Drake SW8. It's an excellent shortwave receiver with excellent audio quality, coupled with synchronous AM detection. It receives SSB and CW as well and covers the longwave band, AM broadcast band, shortwave bands, VHF aeronautical band, and the FM broadcast band (wonderful stereo FM through headphones).  I bought this receiver brand new in the 1990s - haven't found anything to beat it (well. the Drake R8B).
_ . . . _

In 2002-2003, I built a six-tube regen receiver based on a series of articles written by Bruce Vaughan, NR5Q (now SK), which appeared in Electric Radio Magazine. I included a Select-o-Ject circuit from the 1964 ARRL Handbook to help sort out signals. The resulting receiver, built in two cabinets, is shown above. Using this receiver with a Johnson Adventurer transmitter, I had hundreds and hundreds of enjoyable CW ragchews on 40 and 80m. This receiver now resides in the antique radio collection of Ron Lawrence W4RON and is featured on his website:

Two more of my more photogenic homebrew projects: Mini-Mountaineer (photo by Alan Walters), a 40-meter, 750 mw CW transceiver adapted from a Wes Hayward W7ZOI design . . .

Photo:  Alan Walters

regenerative receiver, 2-tubes, 2-13 MHz








. . . and my first homebrew regenerative receiver, comprised of two dual-triode tubes. I got the circuit from Secrets of Homebuilt Regenerative Receivers,

by C.F. Rockey. Coverage: 3-20 MHz.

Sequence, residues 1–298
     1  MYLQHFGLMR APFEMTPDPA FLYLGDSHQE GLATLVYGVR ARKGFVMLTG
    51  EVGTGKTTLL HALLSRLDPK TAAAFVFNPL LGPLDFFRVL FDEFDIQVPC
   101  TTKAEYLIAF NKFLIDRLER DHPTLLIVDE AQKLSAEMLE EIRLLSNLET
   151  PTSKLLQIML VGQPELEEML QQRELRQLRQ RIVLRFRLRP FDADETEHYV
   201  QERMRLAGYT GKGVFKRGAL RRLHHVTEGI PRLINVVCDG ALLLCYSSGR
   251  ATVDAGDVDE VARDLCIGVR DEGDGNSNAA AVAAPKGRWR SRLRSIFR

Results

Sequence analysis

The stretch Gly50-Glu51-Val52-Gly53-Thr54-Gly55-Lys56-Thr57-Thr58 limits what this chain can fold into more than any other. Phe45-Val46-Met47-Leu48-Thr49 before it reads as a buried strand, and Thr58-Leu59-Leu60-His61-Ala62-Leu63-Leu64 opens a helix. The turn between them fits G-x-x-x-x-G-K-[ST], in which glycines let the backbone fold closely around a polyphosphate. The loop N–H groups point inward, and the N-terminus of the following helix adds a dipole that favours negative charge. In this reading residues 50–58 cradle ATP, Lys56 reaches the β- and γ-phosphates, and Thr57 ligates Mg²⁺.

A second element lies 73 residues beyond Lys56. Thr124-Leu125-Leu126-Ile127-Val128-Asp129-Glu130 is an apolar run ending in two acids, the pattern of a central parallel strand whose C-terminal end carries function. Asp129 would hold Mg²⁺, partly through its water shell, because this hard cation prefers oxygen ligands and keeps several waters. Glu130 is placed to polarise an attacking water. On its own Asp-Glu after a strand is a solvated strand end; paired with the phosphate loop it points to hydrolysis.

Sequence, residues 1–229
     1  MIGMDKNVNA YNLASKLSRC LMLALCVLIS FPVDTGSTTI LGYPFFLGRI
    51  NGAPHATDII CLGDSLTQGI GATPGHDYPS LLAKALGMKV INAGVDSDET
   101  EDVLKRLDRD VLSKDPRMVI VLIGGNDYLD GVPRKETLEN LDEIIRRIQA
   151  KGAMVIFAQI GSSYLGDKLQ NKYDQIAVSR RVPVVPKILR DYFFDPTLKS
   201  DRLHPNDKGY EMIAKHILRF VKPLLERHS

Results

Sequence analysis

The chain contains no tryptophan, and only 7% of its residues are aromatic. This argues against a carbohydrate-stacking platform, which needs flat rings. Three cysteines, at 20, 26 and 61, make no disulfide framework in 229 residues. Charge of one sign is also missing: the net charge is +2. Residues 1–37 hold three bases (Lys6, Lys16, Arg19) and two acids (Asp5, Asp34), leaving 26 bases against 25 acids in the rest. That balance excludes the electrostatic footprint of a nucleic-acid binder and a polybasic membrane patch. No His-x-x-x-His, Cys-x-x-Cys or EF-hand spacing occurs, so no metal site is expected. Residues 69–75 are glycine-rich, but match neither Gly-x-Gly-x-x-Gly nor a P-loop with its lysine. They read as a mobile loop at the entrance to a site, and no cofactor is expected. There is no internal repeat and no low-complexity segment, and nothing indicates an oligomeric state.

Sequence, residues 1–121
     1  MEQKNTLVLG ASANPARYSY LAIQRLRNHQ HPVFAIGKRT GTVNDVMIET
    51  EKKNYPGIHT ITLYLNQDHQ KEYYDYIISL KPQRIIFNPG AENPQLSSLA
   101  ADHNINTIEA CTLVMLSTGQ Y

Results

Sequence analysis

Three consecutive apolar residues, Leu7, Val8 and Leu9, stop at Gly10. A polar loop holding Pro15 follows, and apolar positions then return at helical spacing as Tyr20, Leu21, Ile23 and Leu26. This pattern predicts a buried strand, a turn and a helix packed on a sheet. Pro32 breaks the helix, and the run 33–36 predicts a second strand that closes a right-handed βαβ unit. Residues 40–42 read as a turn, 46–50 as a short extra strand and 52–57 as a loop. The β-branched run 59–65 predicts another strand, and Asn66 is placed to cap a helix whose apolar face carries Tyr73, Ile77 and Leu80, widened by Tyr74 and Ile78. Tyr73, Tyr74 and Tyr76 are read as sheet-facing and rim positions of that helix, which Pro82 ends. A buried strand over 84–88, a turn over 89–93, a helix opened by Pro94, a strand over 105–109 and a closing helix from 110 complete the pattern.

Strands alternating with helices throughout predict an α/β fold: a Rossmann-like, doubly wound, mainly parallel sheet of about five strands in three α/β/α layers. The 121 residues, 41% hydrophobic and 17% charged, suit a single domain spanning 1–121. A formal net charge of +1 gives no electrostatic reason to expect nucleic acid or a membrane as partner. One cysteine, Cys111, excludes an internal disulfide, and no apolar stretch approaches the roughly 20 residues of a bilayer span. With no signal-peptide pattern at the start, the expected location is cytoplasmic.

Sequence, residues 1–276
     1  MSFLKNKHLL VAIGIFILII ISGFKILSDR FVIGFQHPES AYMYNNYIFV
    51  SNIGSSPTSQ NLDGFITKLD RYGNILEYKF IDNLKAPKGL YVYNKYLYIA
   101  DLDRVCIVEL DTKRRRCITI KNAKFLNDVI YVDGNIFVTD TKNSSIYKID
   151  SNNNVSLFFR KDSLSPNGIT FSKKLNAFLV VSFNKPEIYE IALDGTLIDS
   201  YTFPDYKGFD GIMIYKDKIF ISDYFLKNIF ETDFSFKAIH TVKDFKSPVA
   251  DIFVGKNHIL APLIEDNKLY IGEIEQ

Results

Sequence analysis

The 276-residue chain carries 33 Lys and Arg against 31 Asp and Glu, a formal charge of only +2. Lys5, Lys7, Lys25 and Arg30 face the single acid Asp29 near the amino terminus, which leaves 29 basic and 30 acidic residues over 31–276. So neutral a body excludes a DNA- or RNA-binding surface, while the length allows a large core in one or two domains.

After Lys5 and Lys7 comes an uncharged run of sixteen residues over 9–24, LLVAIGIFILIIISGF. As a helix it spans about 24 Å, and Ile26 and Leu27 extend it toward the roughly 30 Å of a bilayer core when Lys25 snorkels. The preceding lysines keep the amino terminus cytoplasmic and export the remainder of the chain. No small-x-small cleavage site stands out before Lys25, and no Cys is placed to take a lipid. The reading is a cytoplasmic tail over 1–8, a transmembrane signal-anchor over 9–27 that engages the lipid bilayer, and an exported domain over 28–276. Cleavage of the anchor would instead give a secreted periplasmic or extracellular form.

_ . . . _

In March 2010 my wife Pam, KA4EWG, and I moved to our retirement home just outside Grottoes, VA. We're in a no-antenna community; nevertheless, I put up a "stealth" 80-10 meter G5RV dipole in the trees at the edge of the woods behind our house. The antenna is impossible to see from the street and even very difficult to spot, up close. I used black-jacketed #18 stranded wire and painted the end and center insulators with OD camouflage paint. The 60-foot run of coax is buried from the tree to the back of the house.


For shortwave listening I connected my SW8 receiver to the metal soffits/eaves. I used external tooth star washers at all overlaps in the sheet metal to ensure good connection all the way around the house. I've even made a couple of contacts on low power using this "antenna".

_ . . . _

We were active from the Virginia suburbs of Washington, DC, from 1964 to 2001 and now live in the Shenandoah Valley with our Shetland Sheepdog, Shadow.


We adpted Shadow from Northern Virginia Sheltie Rescue (http://www.nvsr.org).


73, Jim



My special little guy, Teddy, 2001-2013